Thursday, January 17, 2013

The Big CON, Healthcare Edition

That is to say, "certificates of need." I recently learned about these, among other things, from reading an old John Cochrane blog post, and I am now inspired. I have seen the light. Seen the light in the sense that pretty much all of our national conversation on healthcare misses the point entirely, and by focusing on health insurance and the government pays-what-for-whom-when (Medicare for all! No, Medicare for none!) we're missing the mark by focusing on shifting the demand-curve for healthcare, when all the bodies are (literally in some cases) buried on the supply side.

Which brings me to the Certificates Of Need. A CON is a certificate that hospitals must submit for approval by the state government before they can purchase large-scale new equipment or expand physical operations, or build a new hospital at all. To be approved to expand operations, the hospital must demonstrate that its expansion will not impede the profitabilty of existing hospitals in the area or infringe on their market share.

Think about that, and imagine if that kind of rule were put in place in any other industry. Imagine if Verizon had to submit a form to the Federal government before developing a new cellphone and prove that it would not reduce AT&T's profits. Or Ford was prevented from building a new plant because it would harm GM's market share. We'd have a limited supply of cars and cellphones at higher prices. When you prohibit the expansion of production, that shifts the supply curve to the left. When you shift the supply curve to the left you get less output at higher prices. That's healthcare. It's not cellphones and cars because firms that provide these products are not LEGALLY PREVENTED from expanding plant and equipment; indeed it's encouraged. So prices continaully come down as quality and quantity grow. But not so with healthcare, so we instead get an endless series of schemes to expand "coverage" and reduce costs, when healthcare firms are legally prohibited from organically doing both on their own.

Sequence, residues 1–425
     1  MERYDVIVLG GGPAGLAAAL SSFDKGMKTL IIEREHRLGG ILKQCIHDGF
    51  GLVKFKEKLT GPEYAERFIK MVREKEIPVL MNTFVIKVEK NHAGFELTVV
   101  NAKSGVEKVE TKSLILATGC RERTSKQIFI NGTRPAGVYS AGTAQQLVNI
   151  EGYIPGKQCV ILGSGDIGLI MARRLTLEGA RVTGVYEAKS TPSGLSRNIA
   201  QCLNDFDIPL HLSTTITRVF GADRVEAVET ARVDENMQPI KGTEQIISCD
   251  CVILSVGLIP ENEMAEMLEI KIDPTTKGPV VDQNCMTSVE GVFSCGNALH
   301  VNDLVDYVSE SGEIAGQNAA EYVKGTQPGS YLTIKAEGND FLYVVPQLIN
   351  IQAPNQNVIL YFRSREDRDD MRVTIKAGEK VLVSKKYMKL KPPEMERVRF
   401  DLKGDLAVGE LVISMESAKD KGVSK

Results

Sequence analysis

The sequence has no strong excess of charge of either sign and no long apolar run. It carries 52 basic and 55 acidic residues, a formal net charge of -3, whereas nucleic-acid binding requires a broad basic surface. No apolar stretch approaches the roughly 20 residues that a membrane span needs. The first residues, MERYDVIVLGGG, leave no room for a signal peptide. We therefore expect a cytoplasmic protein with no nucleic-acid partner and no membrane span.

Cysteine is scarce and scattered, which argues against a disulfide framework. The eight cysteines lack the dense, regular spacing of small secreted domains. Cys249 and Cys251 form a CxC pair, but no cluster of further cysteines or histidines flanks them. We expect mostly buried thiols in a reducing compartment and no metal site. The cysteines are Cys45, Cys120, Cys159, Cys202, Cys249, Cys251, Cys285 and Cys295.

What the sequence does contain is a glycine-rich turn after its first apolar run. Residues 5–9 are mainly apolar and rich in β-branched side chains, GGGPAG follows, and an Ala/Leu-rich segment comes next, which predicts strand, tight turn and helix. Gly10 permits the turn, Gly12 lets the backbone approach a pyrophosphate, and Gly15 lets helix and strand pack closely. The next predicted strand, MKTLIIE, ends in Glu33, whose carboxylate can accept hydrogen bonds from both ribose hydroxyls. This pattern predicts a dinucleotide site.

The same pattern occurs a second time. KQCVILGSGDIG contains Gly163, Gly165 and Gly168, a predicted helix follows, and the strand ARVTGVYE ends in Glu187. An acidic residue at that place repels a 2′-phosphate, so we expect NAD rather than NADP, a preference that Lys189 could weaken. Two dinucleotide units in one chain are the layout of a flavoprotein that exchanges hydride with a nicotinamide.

"Whoa, CONS are COOL."  

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